History

The first constitution of Michigan, in addition to providing for a supreme court, provided for courts of chancellor.1  There were three chancery circuits of which Van Buren County was in the third circuit.1  In addition, the state was divided into four circuit courts.1  It wasn't until around 1897 that Van Buren County Circuit Court became the 36th Circuit Court.1

Van Buren County’s first courthouse was completed in 1844.2  The courthouse originally had a steeple which was later removed.2  After the new courthouse was completed in 1902, the original courthouse was used as a feed store, and later the town hall.2  “Although a plaque on the village hall indicates the building was built in 1842 … records show it wasn’t completed until August 1844.”2 See image below from Herald Palladium.

Old Courthouse0001

“The first judge to hold a circuit court in Van Buren County was the Hon. Epaphroditus Ransom.”1  “Judge Ransom’s signature being rather unusually long, it was his custom to abbreviate his Christian name to ‘Epaphro.’”1

The records for the court prior to 1844 are so imperfect that it is impossible to ascertain the titles of the first suits that were begun, either law, criminal or chancery.1 However, the first criminal case tried in the circuit court was an assault and battery case, People vs Nathan Mears, in which the jury found the Defendant not guilty.1  The first civil case tried in the circuit was an appeal from the justice’s court, Nesbitt v. Reynolds, in which the jury awarded the Plaintiff sixteen dollars and forty-two cents with costs.1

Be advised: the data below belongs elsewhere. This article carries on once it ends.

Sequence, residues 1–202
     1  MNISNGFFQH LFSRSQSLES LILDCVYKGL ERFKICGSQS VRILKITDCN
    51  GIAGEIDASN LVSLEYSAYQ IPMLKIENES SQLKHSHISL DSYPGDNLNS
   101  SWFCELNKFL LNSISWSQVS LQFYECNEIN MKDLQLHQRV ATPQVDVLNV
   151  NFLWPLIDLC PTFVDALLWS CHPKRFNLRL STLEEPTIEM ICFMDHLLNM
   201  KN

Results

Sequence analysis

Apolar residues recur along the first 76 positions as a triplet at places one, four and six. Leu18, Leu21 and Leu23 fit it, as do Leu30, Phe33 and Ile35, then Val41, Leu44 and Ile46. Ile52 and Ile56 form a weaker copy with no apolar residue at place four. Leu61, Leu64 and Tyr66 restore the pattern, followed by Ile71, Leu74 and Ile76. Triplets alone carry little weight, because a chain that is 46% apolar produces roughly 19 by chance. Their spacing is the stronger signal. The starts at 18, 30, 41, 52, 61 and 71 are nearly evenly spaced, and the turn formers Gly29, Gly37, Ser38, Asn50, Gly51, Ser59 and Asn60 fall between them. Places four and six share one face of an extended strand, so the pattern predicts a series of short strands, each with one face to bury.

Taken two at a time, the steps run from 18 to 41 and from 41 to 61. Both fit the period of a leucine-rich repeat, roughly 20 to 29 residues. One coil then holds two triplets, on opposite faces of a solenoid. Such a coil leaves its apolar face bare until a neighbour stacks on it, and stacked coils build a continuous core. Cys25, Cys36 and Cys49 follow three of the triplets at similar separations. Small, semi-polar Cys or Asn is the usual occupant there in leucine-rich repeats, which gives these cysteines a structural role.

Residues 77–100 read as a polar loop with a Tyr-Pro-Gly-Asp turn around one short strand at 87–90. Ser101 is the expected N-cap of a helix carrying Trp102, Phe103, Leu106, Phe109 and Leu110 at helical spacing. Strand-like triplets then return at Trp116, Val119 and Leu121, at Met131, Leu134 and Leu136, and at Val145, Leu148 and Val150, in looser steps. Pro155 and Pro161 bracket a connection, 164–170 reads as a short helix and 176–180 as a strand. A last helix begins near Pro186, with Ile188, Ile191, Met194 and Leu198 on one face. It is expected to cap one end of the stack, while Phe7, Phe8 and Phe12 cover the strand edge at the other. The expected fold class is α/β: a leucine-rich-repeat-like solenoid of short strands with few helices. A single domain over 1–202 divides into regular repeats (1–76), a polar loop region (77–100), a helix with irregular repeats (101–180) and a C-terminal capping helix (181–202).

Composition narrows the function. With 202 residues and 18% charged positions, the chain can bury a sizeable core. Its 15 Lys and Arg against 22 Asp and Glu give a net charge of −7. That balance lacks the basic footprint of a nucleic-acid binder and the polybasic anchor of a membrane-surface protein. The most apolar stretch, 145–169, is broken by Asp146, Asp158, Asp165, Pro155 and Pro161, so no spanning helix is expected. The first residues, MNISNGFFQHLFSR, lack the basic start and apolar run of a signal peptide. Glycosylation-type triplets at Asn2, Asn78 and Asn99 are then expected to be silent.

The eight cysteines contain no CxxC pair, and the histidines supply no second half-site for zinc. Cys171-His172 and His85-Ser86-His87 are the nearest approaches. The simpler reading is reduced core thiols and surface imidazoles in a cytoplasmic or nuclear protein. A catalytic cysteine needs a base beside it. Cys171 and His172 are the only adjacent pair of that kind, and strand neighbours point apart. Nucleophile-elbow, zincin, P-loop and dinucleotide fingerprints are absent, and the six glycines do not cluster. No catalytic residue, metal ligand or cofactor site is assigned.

Those that visit the current circuit courthouse may have noticed a painting on the steps leading up to the second floor.  Luther W. Smith, a professor of political science, has explained the painting in detail.  That painting is of Athena, the ancient Greek Goddess of civic virtue and family life. 3  Prof. Smith Explains Meaning of Courthouse Painting, Courier-Leader, Aug. 1, 1997.  See photo below from the Courier Leader.

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Smith stated that the “man’s head” in the painting is actual that of Medusa, queen of the evil Furies.3  According to Smith, “Athena was a favorite subject for artists who wished to portray some theme that would be both artistic and morally uplifting.”3
 

1 History of Van Buren County Michigan: A Narrative Account of its Historical Progress, its People, and its Principal Interests, By Captain O. W. Rowland, Vol. 1, pg 159, 161, 162, 165.
2 Modern Links, old buildings: Berrien officials to study Paw Paw building, by Dennis Cogswell, Herald Palladium.
3 Prof. Smith Explains Meaning of Courthouse Painting, Courier-Leader, Aug. 1, 1997.

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